Our ‘sense’ of time is unlike our other senses—i.e. taste, touch, smell, sight and hearing. With time, we don’t so much sense it as perceive it...our brains take a whole bunch of information from our senses and organize it in a way that makes sense to us, before we ever perceive it. So what we think is our sense of time is actually just a whole bunch of information presented to us in a particular way, as determined by our brains.
When our brains receive new information, it doesn’t necessarily come in the proper order. This information needs to be reorganized and presented to us in a form we understand. When familiar information is processed, this doesn’t take much time at all. New information, however, is a bit slower and makes time feel elongated...it isn’t just a single area of the brain that controls our time perception—it’s done by a whole bunch of brain areas, unlike our common five senses, which can each be pinpointed to specific area.So, here's the self-helpy message: How do we make our days last longer? We can feed our brains more new information - keep learning, visit new places, meet new people, try new activities, be spontaneous. The extra processing time required will make us feel like time is moving more slowly!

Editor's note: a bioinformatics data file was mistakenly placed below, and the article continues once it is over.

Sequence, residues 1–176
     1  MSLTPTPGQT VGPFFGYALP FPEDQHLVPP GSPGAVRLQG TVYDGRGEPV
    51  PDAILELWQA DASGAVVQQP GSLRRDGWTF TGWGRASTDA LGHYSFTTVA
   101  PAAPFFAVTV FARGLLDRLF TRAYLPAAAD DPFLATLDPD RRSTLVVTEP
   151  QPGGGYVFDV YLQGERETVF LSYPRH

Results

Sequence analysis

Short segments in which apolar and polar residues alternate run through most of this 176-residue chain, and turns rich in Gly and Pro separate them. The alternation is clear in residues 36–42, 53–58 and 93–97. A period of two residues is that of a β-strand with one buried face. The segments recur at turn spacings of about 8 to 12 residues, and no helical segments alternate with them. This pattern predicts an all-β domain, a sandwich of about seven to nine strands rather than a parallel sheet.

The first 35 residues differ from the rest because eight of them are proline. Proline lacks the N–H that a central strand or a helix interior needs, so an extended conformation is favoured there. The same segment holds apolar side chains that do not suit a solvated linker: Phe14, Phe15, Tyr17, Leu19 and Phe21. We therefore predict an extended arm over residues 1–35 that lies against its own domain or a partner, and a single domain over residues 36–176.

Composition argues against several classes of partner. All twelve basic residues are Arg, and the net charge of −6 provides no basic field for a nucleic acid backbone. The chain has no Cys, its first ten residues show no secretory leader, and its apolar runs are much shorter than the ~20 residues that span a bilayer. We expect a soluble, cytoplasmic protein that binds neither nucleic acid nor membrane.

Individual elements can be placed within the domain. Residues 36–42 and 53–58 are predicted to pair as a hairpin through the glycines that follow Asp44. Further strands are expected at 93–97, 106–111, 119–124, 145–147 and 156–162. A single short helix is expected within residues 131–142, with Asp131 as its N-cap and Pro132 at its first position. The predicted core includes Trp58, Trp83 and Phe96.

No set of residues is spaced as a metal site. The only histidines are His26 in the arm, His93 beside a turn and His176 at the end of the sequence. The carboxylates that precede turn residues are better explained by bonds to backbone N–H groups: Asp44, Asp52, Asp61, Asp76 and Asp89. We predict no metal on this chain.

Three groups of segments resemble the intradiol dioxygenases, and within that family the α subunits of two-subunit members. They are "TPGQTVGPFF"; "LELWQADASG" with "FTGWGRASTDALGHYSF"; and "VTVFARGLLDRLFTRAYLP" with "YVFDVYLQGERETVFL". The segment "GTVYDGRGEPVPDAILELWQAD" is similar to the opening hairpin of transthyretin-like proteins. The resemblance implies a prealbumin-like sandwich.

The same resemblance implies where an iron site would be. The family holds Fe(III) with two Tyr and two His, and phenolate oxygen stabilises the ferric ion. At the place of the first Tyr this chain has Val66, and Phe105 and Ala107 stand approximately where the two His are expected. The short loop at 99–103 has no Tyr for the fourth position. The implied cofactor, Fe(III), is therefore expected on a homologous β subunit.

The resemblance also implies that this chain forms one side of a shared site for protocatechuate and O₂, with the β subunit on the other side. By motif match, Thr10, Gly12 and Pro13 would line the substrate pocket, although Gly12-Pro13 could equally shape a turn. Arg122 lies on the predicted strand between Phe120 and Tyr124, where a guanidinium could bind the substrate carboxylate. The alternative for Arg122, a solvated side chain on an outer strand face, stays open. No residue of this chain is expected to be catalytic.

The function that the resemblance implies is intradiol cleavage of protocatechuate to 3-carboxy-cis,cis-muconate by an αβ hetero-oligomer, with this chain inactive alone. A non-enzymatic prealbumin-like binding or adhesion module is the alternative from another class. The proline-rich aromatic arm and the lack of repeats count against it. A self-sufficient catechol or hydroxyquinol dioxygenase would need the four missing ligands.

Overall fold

[[By the way, sharp readers will have noted a conflict of the above with yesterday's blog post, namely in the statement above with "Our ‘sense’ of time is unlike our other senses—i.e. taste, touch, smell, sight and hearing. With time, we don’t so much sense it as perceive it..." While the basic message above is still OK, yesterday's post points out that we don't directly 'sense it', i.e. directly taste, touch, smell, see, and hear... the function of that sensory input is to test and tweak our top-down ongoing model of tasting, touching, smelling, seeing. That model, like our perception of time, is a derivative perception, which can also be altered in various ways.]]